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Media Intelligence: How to create a marketing report?

What you include in your report will be determined by the type of report you want to make. If you’re creating a digital marketing report, for example, you might concentrate on analysing the conversion rates of your email marketing plan or the cost-effectiveness of your LinkedIn ads.

These would be two distinct types of reports, each with its own set of performance metrics. So, before you start putting together an account, consider the following:

  • What am I attempting to demonstrate? This will assist you in determining the focus area.
  • What is the purpose of this report? Knowing this will aid you in determining the metrics you’ll need to include.
  • What kind of information do I require? This can help you figure out which marketing tools you’ll need to collect data from.
  • What format will this report take? The format of your report may be influenced by how it will be seen.
  • Is this report required regularly? Again, this may have an impact on the report’s format and style.

What Is a Marketing Report and How Do I Make One?

Now that you’ve learned about the advantages of marketing reports and what they are, you’re probably eager to get started on your own. So, here are some pointers to get you started.

Determine the report’s purpose.

Consider what you’re attempting to achieve with this report. Is it more important to demonstrate the effectiveness of your marketing strategy or to justify your budget? Maybe you’re looking to hire more people?

As a digital marketer at Media Intelligence, I keep track of whether or not we’re meeting our marketing KPIs through monthly social media reports. Growth in engagement, awareness, and follower count, for example, are just a few of the measures we’ve established. The goal of our report is to show how engaged our audience is with our material.

Define your marketing objectives.

Every marketing endeavour is driven by a goal, which is a precise, measurable, and time-bound statistic. According to CoSchedule, marketers that set goals are more likely to achieve them.

“Marketers who set targets are 376 per cent more likely than those who don’t report success. And 70% of goal-oriented marketers succeed in achieving their objectives.”

You may quickly define your marketing objectives using the SMART model. Particular, measurable, aspirational, realistic, and time-bound are the acronyms for specific, measurable, aspirational, realistic, and time-bound.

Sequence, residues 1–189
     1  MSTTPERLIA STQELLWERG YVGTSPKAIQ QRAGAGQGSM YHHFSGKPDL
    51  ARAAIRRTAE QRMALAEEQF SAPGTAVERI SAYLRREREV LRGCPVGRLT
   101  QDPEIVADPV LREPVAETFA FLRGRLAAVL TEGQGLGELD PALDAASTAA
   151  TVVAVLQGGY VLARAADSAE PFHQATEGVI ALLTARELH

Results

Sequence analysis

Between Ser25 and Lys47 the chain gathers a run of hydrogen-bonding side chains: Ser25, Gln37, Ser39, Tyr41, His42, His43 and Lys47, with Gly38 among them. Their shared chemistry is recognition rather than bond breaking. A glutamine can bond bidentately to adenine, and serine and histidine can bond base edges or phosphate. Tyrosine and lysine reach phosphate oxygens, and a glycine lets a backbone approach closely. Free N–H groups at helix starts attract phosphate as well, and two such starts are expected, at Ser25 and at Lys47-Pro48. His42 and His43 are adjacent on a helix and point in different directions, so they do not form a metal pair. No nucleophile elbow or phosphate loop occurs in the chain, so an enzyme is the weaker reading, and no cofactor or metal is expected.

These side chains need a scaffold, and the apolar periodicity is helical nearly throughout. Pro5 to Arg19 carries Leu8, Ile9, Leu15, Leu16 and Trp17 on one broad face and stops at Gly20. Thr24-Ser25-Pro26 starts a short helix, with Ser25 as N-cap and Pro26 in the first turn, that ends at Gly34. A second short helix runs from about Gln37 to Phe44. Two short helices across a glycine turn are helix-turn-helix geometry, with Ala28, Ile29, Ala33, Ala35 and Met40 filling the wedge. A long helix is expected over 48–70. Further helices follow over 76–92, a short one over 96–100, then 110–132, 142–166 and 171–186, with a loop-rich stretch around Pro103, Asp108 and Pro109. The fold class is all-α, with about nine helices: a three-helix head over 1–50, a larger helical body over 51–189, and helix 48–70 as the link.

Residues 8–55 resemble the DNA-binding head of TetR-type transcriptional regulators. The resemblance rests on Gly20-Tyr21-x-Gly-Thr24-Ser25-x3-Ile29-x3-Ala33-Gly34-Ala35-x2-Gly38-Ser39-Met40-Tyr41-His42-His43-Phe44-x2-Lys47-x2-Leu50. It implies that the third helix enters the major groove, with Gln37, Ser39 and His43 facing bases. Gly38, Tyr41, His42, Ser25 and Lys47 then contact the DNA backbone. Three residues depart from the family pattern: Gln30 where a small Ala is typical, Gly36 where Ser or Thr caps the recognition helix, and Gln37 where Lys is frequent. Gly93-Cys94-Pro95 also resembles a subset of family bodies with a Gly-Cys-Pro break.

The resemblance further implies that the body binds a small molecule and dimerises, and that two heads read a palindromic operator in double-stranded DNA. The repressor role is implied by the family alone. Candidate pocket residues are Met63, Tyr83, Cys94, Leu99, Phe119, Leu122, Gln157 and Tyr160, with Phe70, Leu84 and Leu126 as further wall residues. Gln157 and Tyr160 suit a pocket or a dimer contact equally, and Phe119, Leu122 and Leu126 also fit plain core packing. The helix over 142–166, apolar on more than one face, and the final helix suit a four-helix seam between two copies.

Here are some marketing objectives to consider:

  • Increase the number of visitors to your website.
  • Boost your social media following
  • Increase the number of people who get your emails
  • Increase your conversion rates.
  • Increase the number of people who visit your website or interact with you on social media.
  • Increase the number of people who click on paid adverts.

Determine the appropriate marketing measurements or KPIs.

The marketing team uses marketing KPIs to monitor progress toward a given target. These indicators will assist you in determining the success of your marketing activities. It’s critical that you select quantifiable, trackable, and relevant KPIs. The following is a list of possible KPIs to add to your marketing report:

  1. Number of contacts acquired
  2. Number of marketing qualified leads (MQLs)
  3. Number of sales accepted leads (SALs)
  4. Website traffic
  5. Website bounce rate
  6. Time on site
  7. Social media follower count
  8. Social media follower growth
  9. Avg. post engagement rate
  10. Avg. post reach
  11. Paid advertising spends
  12. Avg. cost-per-click
  13. Customer acquisition cost (CAC)
  14. Return on investment (ROI)
  15. Net Promoter Score (NPS)

Marketing KPIs are critical to your marketing strategy because they help you measure and enhance the success of your campaigns.

When Should You Submit a Report?

Because various stakeholders want to see different things, the answer to this question is entirely dependent on the stakeholders to whom you are reporting. Your coworkers, for example, will want daily details on a PPC campaign, whilst higher management will wish for a weekly or monthly high-level summary.

Marketing reports are sent out on a weekly, monthly, quarterly, or annual basis in some cases. For various sorts of reports, here are some best practices:

  • Weekly/daily reports: Most likely, they are internal reports. To put it another way, the information you share with your peers. Data from PPC campaigns and social analytics are included in these reports.
  • Monthly/quarterly reports: These reports provide a high-level overview of your weekly/daily reports while also going into greater detail. Your C-suite wants to know if you’re meeting your KPIs in general and is willing to help you fill in the gaps.
  • Annual reports: You should report on KPIs that you set at the start of the year every year. Everyone on the team will be interested in learning about the data’s story throughout the year.
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